Train to Be a Phlebotomist and Take Advantage of the National Skills Shortage
Today, the Bureau of Labor Statistics (BLS) reported that 7.1 million Americans are unemployed, while at the same time 5.7 million jobs remain unfilled in America. This gap in labor exists because employers demand job-ready employees and millions of prospective employees are simply not able to bridge the skills gap without appropriate career education and training. One such field is phlebotomy, where 28,100 skilled professionals are needed by 2024.
In 2015, nearly a third of the more than 8,000 credentials awarded in phlebotomy came from private sector career colleges and universities. Between 2011-2015, these institutions trained over 12,000 students for careers in the phlebotomy field according to CECU research supported by data from the US Department of Education’s IPEDS database and BLS. With employment in phlebotomy expected to rise significantly over the decade ahead, it will be essential for students to have access to institutions where they can learn the necessary skills for a career in the field.
BLS projects a much faster than average growth rate of 25% for the phlebotomy field between 2014-2024, as doctors and healthcare professionals continue to need bloodwork for analysis and diagnosis of diseases. With blood tests, doctors are able to evaluate the functionality of organs, identify risk factors for heart disease, assess how well medicines are working, and diagnose diseases such as cancer, HIV/AIDS, diabetes, and anemia, according to the National Heart, Lung, and Blood Institute at the National Institutes of Health (NIH). Blood tests may help detect heart problems early enough for treatment to work best. Phlebotomists are key to ensuring that these important tests are done efficiently for their patients.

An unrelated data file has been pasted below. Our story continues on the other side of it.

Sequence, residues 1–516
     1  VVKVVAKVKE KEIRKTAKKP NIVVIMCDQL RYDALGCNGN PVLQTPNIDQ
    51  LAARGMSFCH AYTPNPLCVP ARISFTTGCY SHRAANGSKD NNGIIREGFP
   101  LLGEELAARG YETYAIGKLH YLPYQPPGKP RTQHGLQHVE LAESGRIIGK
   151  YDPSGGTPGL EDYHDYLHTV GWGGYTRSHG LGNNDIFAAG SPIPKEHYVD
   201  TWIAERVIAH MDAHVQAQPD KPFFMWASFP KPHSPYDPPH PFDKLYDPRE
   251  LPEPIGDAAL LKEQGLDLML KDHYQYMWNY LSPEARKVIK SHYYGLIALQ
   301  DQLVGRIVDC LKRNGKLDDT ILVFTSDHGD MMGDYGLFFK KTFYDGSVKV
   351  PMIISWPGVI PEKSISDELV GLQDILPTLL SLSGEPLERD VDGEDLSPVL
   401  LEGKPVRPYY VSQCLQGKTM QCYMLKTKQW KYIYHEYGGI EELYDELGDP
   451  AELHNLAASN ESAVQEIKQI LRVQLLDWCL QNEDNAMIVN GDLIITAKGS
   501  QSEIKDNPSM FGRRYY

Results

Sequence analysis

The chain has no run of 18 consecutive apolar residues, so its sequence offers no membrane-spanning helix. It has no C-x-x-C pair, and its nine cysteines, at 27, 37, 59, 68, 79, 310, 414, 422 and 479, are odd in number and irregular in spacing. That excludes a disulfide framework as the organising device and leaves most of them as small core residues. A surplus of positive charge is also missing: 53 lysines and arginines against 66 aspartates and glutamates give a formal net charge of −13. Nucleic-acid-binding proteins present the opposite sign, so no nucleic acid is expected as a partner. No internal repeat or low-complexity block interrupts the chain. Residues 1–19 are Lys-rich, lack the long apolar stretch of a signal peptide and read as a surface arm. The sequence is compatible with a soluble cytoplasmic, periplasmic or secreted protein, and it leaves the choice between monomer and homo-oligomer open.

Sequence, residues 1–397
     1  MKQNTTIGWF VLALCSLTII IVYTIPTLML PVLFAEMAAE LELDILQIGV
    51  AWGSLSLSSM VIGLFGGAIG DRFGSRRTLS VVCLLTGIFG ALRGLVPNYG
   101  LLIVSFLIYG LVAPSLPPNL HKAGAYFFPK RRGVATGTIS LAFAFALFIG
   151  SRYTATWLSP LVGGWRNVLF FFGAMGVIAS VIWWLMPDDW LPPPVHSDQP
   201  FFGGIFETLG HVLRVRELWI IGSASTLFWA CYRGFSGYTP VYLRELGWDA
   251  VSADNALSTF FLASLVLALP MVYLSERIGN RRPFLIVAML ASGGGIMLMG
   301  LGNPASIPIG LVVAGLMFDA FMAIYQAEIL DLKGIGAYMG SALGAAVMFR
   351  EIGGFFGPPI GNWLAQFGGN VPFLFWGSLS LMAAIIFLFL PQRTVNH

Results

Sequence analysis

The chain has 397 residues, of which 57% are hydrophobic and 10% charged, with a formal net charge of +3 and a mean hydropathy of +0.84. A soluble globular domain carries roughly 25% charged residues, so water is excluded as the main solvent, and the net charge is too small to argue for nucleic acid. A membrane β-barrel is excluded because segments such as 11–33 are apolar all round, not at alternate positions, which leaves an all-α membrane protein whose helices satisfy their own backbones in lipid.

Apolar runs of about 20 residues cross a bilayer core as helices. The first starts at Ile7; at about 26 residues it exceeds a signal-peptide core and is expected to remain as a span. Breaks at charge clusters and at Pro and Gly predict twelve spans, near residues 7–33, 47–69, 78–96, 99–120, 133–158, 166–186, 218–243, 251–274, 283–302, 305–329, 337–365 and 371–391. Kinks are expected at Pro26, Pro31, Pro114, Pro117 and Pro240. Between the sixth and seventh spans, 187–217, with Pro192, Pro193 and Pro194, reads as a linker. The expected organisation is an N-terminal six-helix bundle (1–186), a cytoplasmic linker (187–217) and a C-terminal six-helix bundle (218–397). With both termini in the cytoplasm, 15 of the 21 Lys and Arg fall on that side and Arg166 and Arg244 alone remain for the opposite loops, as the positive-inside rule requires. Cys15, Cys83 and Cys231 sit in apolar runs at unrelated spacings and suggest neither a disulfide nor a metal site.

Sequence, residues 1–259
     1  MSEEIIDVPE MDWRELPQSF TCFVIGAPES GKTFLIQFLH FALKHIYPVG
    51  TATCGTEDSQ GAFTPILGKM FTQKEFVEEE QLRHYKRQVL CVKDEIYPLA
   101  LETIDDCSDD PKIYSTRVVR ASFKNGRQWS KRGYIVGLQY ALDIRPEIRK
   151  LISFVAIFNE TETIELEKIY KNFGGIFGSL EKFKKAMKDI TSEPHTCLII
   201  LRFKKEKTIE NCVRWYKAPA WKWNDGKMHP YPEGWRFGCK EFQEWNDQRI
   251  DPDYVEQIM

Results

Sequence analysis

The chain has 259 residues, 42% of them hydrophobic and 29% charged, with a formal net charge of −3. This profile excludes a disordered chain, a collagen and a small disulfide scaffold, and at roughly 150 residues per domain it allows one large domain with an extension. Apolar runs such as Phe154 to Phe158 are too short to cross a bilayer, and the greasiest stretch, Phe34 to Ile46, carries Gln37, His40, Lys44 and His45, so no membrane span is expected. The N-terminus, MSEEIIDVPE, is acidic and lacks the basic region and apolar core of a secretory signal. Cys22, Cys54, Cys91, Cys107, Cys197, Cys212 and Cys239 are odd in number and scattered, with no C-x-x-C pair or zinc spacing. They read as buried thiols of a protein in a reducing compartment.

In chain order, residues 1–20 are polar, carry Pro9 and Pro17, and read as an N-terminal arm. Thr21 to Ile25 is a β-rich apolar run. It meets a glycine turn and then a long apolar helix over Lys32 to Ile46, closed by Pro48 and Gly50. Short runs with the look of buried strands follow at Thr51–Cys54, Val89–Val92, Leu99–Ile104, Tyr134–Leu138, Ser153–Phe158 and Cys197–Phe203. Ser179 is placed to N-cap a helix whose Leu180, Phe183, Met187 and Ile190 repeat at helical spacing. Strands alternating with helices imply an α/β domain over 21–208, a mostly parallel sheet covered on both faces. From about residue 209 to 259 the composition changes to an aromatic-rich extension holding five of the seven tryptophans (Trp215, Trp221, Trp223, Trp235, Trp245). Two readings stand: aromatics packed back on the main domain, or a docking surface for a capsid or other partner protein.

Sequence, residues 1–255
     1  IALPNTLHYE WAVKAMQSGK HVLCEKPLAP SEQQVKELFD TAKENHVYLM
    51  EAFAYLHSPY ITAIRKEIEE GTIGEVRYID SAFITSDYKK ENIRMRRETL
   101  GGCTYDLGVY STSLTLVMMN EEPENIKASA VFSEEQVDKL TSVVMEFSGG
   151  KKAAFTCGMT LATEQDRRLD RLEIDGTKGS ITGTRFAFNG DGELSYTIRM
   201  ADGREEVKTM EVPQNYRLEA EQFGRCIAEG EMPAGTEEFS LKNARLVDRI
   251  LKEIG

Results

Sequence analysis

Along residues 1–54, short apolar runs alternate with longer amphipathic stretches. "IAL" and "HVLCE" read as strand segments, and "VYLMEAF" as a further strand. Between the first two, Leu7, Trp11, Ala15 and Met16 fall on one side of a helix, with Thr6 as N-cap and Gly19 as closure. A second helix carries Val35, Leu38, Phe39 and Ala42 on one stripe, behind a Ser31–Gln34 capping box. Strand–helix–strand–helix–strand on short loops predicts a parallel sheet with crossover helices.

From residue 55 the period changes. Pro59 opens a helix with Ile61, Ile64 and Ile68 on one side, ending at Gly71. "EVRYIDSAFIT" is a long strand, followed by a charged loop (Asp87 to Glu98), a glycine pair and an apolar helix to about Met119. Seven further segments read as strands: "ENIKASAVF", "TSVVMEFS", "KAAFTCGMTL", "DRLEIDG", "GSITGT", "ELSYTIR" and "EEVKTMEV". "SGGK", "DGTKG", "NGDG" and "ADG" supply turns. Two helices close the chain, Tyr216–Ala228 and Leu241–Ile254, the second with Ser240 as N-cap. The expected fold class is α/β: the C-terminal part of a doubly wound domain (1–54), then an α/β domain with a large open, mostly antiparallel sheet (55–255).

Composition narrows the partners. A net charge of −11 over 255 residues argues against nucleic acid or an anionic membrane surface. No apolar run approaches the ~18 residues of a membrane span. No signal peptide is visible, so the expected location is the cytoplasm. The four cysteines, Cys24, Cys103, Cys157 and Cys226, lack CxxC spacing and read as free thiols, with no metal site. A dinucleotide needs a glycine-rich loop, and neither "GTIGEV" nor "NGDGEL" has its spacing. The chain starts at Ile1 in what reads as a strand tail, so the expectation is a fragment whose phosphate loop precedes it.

Phlebotomists draw blood for tests, transfusions, and blood donations, as well as help patients who are nervous for blood tests to relax through the test. They also ensure that patient information is maintained in databases and that blood is labeled correctly, as well as maintain medical instruments, requiring them to have good attention to detail. In many cases at medical and diagnostic laboratories, the phlebotomist is the only interaction a patient has with medical staff, so phlebotomists must display compassion for their patients and good bedside manner. The median annual earnings of a phlebotomist are on par with the median for other healthcare support occupations at $32,710, varying slightly depending on the place of work. Phlebotomists are employed in hospitals, medical and diagnostic laboratories, ambulatory healthcare services, and physicians’ offices.
“Phlebotomy programs train students to safely obtain blood specimens, as well as other diagnostic samples. Students receive didactic theory and hands-on training resulting in graduates that are essential members of the medical community. Phlebotomists are on the front lines working directly with patients. This is an exciting, in-demand and vital healthcare career option,” said Fred Freedman, president/CEO of Pima Medical Institute.
“Our institutions will be critical to meeting the employment demand in this quickly growing profession,” said Steve Gunderson, president and CEO of CECU. “We must ensure that students are able to achieve quality training at career education colleges and universities that will allow them to embark on a sustainable career in phlebotomy.”
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